Ruth Taylor (May)
I saw this female emperor moth whilst climbing at Tremadog yesterday.
Female Emperor moths fly at night but release a pheremone during the day to attract the 'daytime flying' males. The males, who can be identified by their orange hind wings, are able to detect the scent from up to a kilometer away.
In Europe they are known as Night Peacocks due to the decorative 'eyes' on the wings.
Sadly they only have a fourteen day lifespan.
They have no mouths or stomachs so they don't waste time eating eat - they just mate!
An interesting fact about the moth's cocoon is that the neck of the cocoon is extremely narrow and the emerging moth must squeeze its way slowly out of this tiny hole.
There is an interesting story that goes along with this fact. I doubt if it is true but it does help to explain the reason for the moth's struggle to exit through this tiny gap. See what you think:
One day a man found a cocoon of an emperor moth. He took it home so that he could watch the moth come out of the cocoon. He sat and watched the moth struggling to force the body through that little hole. Then it seemed to stop making any progress. It appeared as if it had gotten as far as it could and it could go no farther. It just seemed to be stuck.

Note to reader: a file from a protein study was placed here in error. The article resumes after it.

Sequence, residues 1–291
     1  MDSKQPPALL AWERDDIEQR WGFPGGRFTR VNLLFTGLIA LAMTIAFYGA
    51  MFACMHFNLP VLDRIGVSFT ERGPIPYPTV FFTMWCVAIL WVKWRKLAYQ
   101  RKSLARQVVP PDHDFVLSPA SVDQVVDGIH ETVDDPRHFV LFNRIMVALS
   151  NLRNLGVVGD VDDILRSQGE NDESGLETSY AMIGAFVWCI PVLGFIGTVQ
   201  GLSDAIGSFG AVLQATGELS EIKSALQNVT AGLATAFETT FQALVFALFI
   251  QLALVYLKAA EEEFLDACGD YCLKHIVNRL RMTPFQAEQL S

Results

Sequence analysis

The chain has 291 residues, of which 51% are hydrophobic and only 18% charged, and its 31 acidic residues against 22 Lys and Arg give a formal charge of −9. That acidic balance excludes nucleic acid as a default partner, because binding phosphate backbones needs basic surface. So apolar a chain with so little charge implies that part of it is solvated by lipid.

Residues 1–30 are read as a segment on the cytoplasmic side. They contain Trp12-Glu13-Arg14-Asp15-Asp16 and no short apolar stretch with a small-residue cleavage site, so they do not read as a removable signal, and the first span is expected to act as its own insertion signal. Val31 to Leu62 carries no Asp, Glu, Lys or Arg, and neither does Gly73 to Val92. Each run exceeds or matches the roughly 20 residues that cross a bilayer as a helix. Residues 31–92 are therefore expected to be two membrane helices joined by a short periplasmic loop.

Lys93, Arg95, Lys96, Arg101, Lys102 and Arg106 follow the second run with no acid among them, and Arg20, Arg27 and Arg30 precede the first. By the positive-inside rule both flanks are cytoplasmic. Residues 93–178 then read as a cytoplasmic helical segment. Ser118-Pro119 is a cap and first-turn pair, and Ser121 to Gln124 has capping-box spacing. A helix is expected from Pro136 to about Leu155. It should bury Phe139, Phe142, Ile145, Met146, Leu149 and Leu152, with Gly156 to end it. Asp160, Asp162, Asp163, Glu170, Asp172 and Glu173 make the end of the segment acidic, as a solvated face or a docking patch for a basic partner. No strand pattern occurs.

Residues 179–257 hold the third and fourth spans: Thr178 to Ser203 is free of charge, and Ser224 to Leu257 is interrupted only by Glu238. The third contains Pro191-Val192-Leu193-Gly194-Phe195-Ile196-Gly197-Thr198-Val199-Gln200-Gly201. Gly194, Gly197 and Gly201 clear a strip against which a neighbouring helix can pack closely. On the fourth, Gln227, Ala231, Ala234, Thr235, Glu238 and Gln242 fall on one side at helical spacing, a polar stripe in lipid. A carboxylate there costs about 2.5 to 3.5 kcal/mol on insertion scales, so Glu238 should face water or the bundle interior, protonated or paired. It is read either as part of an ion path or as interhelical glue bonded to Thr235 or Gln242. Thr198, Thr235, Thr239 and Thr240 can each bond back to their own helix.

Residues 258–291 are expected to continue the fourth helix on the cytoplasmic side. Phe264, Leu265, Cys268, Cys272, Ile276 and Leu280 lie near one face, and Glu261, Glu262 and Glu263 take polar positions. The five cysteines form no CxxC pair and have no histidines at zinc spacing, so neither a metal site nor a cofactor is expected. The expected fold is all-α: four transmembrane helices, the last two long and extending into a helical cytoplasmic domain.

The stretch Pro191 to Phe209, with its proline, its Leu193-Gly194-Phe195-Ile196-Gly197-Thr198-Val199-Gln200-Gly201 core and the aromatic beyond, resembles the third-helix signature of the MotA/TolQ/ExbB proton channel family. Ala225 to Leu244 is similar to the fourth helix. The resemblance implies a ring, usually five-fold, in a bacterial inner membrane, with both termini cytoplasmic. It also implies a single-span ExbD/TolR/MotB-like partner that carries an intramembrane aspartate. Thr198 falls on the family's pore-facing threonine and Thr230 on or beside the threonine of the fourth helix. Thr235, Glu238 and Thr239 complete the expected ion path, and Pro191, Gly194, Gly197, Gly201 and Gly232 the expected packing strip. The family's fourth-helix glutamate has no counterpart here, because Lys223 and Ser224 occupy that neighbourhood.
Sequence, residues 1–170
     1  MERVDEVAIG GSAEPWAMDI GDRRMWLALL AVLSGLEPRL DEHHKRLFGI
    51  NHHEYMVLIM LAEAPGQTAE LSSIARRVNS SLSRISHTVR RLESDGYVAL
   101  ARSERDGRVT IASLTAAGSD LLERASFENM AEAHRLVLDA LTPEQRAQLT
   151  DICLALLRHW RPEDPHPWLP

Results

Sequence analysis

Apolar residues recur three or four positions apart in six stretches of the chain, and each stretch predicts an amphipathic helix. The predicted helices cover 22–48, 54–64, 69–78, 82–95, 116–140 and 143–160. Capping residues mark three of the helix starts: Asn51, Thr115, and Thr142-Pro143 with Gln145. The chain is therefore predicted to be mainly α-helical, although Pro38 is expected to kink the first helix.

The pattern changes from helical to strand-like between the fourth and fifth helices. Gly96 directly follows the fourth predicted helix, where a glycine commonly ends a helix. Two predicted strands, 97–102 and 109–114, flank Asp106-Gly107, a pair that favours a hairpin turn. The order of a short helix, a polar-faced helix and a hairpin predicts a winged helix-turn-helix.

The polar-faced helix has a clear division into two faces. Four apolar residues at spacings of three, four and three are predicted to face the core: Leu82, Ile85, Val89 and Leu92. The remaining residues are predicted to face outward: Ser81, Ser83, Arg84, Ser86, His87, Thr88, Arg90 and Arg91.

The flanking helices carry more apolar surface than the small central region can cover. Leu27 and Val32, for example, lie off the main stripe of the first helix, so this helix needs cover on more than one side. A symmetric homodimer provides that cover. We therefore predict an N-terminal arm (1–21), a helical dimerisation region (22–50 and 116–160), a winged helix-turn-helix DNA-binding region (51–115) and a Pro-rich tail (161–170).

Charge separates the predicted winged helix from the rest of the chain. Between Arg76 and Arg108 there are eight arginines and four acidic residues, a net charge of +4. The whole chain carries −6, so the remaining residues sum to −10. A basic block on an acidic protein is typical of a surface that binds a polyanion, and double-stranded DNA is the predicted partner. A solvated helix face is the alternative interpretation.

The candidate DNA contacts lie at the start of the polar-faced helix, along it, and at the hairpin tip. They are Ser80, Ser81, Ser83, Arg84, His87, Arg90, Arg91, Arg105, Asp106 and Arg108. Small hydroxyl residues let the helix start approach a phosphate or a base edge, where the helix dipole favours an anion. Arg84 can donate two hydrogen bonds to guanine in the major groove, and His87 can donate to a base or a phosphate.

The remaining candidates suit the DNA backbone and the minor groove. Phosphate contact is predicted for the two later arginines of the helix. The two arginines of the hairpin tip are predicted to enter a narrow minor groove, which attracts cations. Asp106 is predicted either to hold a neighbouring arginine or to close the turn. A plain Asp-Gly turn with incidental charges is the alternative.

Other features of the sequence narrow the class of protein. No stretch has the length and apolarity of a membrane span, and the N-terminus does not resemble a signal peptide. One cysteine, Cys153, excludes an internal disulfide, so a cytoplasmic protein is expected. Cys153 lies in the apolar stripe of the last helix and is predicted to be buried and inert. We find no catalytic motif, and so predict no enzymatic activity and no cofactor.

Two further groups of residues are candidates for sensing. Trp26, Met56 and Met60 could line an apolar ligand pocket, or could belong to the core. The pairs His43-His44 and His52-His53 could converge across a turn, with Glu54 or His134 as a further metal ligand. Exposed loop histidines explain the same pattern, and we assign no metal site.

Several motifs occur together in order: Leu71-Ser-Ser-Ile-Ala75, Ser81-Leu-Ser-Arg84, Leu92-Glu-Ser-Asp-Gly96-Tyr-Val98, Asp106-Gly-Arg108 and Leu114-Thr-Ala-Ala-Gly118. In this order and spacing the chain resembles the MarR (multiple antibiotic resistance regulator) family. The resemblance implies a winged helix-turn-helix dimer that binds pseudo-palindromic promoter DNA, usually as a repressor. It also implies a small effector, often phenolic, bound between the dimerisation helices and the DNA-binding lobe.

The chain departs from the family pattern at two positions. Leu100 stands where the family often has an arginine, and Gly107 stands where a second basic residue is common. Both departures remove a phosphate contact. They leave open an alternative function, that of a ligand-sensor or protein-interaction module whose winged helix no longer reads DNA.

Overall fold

Then the man being kind decided to help the moth. So he took a pair of scissors and snipped off the remaining bit of the cocoon. The moth then emerged easily. But it had a swollen body and small, shriveled wings. The little moth spent the rest of its life crawling around with a swollen body and shriveled wings which never developed further. It never was able to fly and pretty soon it died.
What the man in his kindness and haste failed to understand was that the restricting cocoon and the struggle required for the moth to get through the tiny opening was Nature's way of forcing fluid from the body of the moth into its wings so that it would be ready for flight once it achieved its freedom. By depriving the moth of this struggle, he deprived the emperor moth of a correct and healthy development.